I simply don't understand the 21st century's tolerance for racial or ethnic makeup. In the past five years, I can count many instances of blackface, brownface, and yellowface in pop culture, none of which receive nearly the kind of outcry that one might expect. For my readers who don't know or don't understand the racism behind "colour-face" (as I'll call it), the practice originated out of the minstrelsy-style of stageshows more than two centuries ago. In part because actors and actresses of colour were taboo, and in part because one of the most popular form of humour was caricaturing "The Other", White actors and actresses frequently donned heavy makeup in order to mimic people of other races. These caricatures were intended to be derogatory towards their subjects, and even associated natural pigmentation with clown makeup. Wearing "colour-face" coupled the makeup with offensive stereotypes of behaviour; the actor would deliberately play the role of the bumbling fool, the inspid or stupid coolie, or the thwarted villain. (While writing this, I am reminded of how frequently I overhear White colleagues of mine mention the "Fu Manchu moustache" as a form of comedy and even suggest donning it themselves for Halloween or other costume parties to "play Asian"). Part of the problem with "colour-face" was not just the perpetuation of derogatory, race-based stereotypes but the act of applying the racial makeup. Blackface was traditionally applied by burning cork, mixing it with water, and applying the sludge to one's face, leaving only the whites of the eyes and bright red lips. Yellowface frequently included dark eye makeup to create an artificial slant, black wigs, and long wispy moustaches. But, beneath the makeup and costumes was a White actor, and the act of being able to remove "colour-face" minimalized the identity and racial pain of minorities, implying that these identities could be shed with so much soap and water. Oppression and racism, then, was not addressed as an issue, because we were exposed to a representation of race boundaries as amorphous. If one can change race so readily, then racism no longer is a problem and thus need not be addressed. Further compounding the problem with "colour-face" was the fact that any actors or actresses of colour wishing to perform on-stage, or later, on-film found themselves required to don racial makeup and play the stereotype in order to be palatable to their White audiences. Blackface and other forms of racial makeup is so deeply entrenched in American cinema that the first major American film is Birth of a Nation (1915), a movie that contained such offensive depictions of Blacks using actors in Blackface that it is still used as a recruting video by the Ku Klux Klan, today. Asian characters in Hollywood were frequently portrayed by White actors in yellowface, most notably the actors portraying Fu Manchu and Charlie Chan. As described above, "colour-face" has long been considered offensive to people of colour, not primarily because of the stereotypes involved, but by the act of donning racial makeup to mimic another race. It is this act -- this idea of being able to transition into and out of oppression -- that strikes at the core of people of colour. The unspoken truth is that we cannot wash this off. And yet, despite the Civil Rights movement of the 1960's, when America was faced with the racial pain of its oppressed minorities, Hollywood has remained deliberately ignorant of offending racial minorities. "Colour-face" still appears frequently in American cinema, and is doing so with greater frequency now more than ever. Gone is the actual burnt cork, but the symbolism of the cork is ever-present, as Hollywood makeup artists resort to racial stereotypes to maintain the "illusion" of trans-racialization. In 1986, C. Thomas Howell, a promising young actor played the starring role in Soul Man, a movie in which a bright student, Mark, wants to get a scholarship to Harvard, but unfortunately there is only one spot remaining: a spot for a Black student. Because Mark is White, he uses a magic pill to "become Black", and the actor dons Blackface to successfully trick the Harvard administrators into giving him the spot. The movie is filled with C. Thomas Howell "playing Black", including Stevie Wonder and Prince impersonations. Soul Man was heavily protested by the Black community and effectively ended C. Thomas Howell's career. Yet, lately, we have seen a resurgence of "colour-face" in American cinema. FX recently aired the miniseries Black. White. which featured real people wearing Blackface or Whiteface in order to infiltrate the Black and White communities. Comedians have been relying on "colour-face" to make race-based humour. Not just White comedians, like Jack Black who wore Brownface in the recent Nacho Libre, but comedians of colour like the Wayan brothers who donned Whiteface for White Chicks. Yellowface seems especially popular, with not only the recent re-release of Charlie Chan on DVD but filmmakers like Quentin Tarentino considering themselves to play an Asian character in Kill Bill, vol. 2 and Christopher Walken playing an Asian villain in the upcoming Balls of Fury. And of course, let us not forget Dave Chappelle playing almost every single "colour-face" one can think of in the infamous "Racial Pixies" sketch. But what is most frustrating is that very few communities of colour express outcry against the blackface, yellowface, whiteface or brownface we saw on television and in the movies. Not only was there no substantial crticism of Jack Black portraying a Mexican man by donning a wig and speaking in a caricatured accent, but communities of colour are particularly quick to defend comedians within their community who resort to "colour-face", as if (in the case of Chappelle, for example), a criticism of Chappelle's "colour-face" is interpreted as a criticism of his career in general or of Black comedians, entirely. It's as if communities of colour have forgotten the history of "colour-face", and how it has been one of the most powerful tools of oppression used by the White mainstream against us. By turning a blind eye to Jack Black or Quenting Tarentino, we grant implicit approval not just of their "colour-face" but of all "colour-face", and the perpetuation the attitudes and stereotypes communicated by those acts. We express distaste towards derogatory stereotypes of stupidity, ineptitude, foolishness or villainy, so why are we mute when it comes to speaking out against "colour-face" in all its forms? In particular, by refusing to condemn comedians of colour who resort to "colour-face", we send the message that people of colour cannot commit racist or aid the perpetuation of oppressive acts. In many cases, the "colour-face" is perpetrated for the amusement of the White mainstream, and yet communities of colour seem to be more concerned with the comedian's own colour rather than how he or she may be injuring their community, other communities, or the cause of racial equality in general. After all, just because a person experiences racism or oppression does not negate the power of his actions -- even in the history of blackface, Black actors donned blackface for their own personal fame and prosperity, sacrificing the interests of their own community for their own success. Have we really reached a point in the struggle for racial equality that we no longer remember our past, and are so blinded by maintaining community unity that we're unwilling to consider the true complexity of oppressive actions? Are we so sensitive to criticisms of people of colour that we now perpetuate the harmful image that only Whites are capable of racially harmful behaviour? Racism will continue to be a problem so long as we deliberately and willfully continue to keep race relations dialogue at the most pedestrian of levels, oversimplifying the problem to an "oppressed/oppressor" paradigm in which one is either one or the other, and never a perpetrator of both. "Colour-face" never exists on its own, but exists as a part of a timeline of racism and stereotyping in media. And so long as we forget the racist history of our past, we will be doomed to repeat it. (Incidentally, I recommend to any person of colour or race activist that you see Spike Lee's Bamboozled, which provides an excellent historical study and current commentary of blackface.)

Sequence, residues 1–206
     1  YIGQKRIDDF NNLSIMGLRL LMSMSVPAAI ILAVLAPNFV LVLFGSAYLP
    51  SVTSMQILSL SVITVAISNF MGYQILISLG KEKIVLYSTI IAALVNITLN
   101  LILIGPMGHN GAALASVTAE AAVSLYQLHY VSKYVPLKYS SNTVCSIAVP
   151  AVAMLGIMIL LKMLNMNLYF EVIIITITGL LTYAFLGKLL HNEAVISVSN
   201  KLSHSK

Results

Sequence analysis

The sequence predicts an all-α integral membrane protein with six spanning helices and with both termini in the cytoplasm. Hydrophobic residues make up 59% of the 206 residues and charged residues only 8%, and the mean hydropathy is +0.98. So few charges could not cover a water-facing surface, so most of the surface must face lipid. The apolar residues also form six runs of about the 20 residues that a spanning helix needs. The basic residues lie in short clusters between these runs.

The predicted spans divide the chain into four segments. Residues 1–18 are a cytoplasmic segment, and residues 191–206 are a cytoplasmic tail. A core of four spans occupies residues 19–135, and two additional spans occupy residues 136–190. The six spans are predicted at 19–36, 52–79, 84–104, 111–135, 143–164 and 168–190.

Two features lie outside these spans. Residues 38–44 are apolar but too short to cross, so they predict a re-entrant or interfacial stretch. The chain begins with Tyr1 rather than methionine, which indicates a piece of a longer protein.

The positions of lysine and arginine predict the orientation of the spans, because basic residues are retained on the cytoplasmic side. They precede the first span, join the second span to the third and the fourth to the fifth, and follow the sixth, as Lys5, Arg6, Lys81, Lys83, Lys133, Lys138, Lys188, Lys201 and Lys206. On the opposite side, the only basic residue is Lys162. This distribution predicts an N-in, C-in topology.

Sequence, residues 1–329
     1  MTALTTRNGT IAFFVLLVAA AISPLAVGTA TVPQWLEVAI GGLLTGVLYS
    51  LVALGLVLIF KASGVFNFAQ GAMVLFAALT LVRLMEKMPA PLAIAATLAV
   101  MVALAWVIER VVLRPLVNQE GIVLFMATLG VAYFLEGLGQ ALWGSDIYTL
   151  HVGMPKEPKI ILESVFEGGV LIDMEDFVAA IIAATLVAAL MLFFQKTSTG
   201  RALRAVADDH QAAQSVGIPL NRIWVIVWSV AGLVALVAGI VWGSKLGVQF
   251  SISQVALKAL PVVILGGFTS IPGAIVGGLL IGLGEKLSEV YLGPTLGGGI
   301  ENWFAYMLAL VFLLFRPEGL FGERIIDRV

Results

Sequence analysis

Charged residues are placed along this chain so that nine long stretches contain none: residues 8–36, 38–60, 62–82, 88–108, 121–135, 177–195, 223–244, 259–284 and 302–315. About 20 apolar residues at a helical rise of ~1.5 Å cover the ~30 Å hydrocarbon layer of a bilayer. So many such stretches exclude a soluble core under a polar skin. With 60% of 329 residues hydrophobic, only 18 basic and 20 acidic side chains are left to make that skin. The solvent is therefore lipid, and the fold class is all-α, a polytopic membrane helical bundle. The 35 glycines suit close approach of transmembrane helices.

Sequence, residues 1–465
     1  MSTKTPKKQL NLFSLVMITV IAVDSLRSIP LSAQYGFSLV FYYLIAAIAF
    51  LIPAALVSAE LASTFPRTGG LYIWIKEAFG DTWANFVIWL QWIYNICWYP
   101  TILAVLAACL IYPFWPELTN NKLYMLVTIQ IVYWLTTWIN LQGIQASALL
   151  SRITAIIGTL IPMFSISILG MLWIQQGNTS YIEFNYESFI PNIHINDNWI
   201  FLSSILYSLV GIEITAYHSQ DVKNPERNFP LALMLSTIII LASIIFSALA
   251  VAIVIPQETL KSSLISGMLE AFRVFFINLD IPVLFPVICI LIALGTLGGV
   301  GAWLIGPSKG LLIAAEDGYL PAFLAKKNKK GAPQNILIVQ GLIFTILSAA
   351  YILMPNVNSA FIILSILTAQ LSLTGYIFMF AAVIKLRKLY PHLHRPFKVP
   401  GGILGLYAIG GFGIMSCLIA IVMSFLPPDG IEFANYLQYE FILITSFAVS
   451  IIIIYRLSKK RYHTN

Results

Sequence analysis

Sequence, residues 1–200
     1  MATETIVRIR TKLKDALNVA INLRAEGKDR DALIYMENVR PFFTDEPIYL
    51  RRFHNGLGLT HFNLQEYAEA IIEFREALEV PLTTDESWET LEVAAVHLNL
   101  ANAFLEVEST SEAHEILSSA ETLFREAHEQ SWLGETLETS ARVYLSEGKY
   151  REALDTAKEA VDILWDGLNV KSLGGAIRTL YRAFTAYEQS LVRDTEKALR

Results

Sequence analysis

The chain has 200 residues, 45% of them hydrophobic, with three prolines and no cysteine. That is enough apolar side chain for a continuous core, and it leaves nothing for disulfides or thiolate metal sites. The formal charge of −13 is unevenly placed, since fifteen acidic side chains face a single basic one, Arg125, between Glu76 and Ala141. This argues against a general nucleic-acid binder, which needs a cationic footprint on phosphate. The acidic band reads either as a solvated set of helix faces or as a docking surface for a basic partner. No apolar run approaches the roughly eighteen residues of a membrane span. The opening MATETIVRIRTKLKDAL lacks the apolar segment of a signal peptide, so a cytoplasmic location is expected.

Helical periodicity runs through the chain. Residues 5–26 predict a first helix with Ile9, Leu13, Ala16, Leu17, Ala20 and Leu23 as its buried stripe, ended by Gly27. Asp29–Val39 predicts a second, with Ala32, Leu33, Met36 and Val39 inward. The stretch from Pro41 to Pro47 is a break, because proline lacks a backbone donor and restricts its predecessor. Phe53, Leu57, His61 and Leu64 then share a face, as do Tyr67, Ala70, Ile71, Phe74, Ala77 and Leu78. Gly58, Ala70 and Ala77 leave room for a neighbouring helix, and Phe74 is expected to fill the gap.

Blogger Cocacy said...